Colorless Tsukuru Tazaki and His Years of Pilgrimage by Haruki Murakami

murakami cover

First he was given a name. Then consciousness and memory developed, and, finally, ego. But everything began with his name.

Colorless Tsukuru Tazaki and His Years of Pilgrimage by Haruki Murakami is somewhat of a coming of age story (better late than never) of Tsukuru Tazaki. In high school he was part of an inseparable group of five friends. Each had a color in their name (red, blue, white, black) except for him. After graduation they all stay in Nagoya, but Tsukuru goes away to Tokyo. They remain close until his sophomore year when he goes home for a visit and is told that his friends will no longer associate with him. Shocked, he asks why. He is told, “That’s not something I can tell you… Think about it, and you’ll figure it out.” Tsukuru accepts this. In the group of five he has always felt the odd man out. He doesn’t have a color in his name. He has no exceptional abilities or stand out characteristics like the others. In fact, he is surprised he was allowed into the group in the first place. But this doesn’t mean their decision doesn’t hurt. He spends the next six months on the verge of suicide, but eventually is able to snap out of it. He goes on living, but now mainly sees himself as an empty, colorless vessel without much to offer the world.

Fast forward — Tsukuru is in his mid 30’s and has fallen in love for the first time with Sara. Sara senses that there is something in Tsukuru’s life that is holding him back. He opens up to her about the story of his high school friends and she encourages him to go seek them out, find out what happened and gain closure so that he can move forward in his life. Tsukuru heeds her advice and goes on a journey that will take him back to his hometown and all the way to Finland in order to get to the bottom of this mystery.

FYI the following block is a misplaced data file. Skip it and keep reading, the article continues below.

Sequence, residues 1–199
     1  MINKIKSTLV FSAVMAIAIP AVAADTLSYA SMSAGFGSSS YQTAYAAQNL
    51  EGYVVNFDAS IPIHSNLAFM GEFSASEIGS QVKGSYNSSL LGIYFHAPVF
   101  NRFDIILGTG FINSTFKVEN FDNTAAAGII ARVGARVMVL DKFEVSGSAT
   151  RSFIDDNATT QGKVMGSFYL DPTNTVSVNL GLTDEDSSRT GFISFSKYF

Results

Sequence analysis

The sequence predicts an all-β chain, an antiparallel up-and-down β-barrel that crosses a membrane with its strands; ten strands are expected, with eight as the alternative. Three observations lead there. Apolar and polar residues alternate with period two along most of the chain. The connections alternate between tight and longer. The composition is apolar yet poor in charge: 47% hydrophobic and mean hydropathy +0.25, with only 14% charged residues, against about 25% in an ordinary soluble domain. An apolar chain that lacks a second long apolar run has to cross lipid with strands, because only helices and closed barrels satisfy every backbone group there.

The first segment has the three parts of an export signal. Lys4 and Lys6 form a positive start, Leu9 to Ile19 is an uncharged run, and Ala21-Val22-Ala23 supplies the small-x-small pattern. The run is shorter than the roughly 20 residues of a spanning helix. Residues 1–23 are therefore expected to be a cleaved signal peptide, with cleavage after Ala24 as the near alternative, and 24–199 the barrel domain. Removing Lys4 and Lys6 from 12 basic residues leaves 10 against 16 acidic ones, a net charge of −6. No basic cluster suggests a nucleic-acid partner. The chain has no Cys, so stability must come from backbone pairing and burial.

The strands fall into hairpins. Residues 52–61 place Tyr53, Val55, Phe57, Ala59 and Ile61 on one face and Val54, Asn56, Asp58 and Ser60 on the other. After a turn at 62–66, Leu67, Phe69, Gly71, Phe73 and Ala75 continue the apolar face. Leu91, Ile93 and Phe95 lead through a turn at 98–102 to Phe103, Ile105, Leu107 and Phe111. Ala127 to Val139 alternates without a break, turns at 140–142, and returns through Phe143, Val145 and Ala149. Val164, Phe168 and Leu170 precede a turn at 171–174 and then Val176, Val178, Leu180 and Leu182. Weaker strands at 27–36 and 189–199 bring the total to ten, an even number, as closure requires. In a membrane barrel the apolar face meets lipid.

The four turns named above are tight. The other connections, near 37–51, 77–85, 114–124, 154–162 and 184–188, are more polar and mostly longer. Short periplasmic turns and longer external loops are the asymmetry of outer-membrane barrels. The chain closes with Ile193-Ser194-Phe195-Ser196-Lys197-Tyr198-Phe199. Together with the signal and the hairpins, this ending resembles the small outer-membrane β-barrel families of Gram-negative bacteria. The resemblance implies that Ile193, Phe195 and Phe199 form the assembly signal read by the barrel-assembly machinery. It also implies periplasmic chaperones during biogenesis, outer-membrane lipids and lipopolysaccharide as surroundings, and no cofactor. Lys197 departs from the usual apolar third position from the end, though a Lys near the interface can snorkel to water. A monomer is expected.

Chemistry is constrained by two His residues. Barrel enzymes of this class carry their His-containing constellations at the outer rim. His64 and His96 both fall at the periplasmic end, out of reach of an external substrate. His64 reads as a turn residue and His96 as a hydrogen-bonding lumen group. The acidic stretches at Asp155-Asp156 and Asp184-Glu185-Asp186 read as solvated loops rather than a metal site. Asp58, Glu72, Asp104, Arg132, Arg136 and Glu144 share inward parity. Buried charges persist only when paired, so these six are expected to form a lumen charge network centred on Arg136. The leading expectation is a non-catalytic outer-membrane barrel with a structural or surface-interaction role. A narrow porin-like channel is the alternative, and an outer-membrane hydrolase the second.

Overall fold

After reading a few Murakami novels you’ll begin to be able to predict exactly what will be in his next book. So it was no surprise that his newest novel included: thoughts of suicide, soul mates, logic vs intuition, simple, healthy eating, and an emphasis on music (for a fun article about the music in Murakami’s books go here). And, of course, the book was filled with emotionless, robotic, Bones-esque dialogue.

Because of this commonality between stories it can become confusing at times as you begin to merge what happened in one book with the current one you’re reading. But don’t take this to mean that I think it’s necessarily a bad or played out thing!

This particular book, however, left me unsatisfied and the reason for that is that the magical element was lacking in Colorless Tsukuru, which is what I look forward to and expect in a Murakami book. So it is always surprising when it doesn’t happen, especially when Murakami hints of magical things to come throughout the book: weird dreams, mystical stories, mysteries, Finnish elves in the woods… But in the end this was just a basic story of a man figuring out who he is without the help of another, magical reality. If you loved Norwegian Wood, then you’ll probably enjoy this more than I did. But if you were hoping for another Wind Up Bird, then you’ll end up a bit disappointed.

That amazing time in our lives is gone, and will never return. All the beautiful possibilities we had then have been swallowed up in the flow of time.

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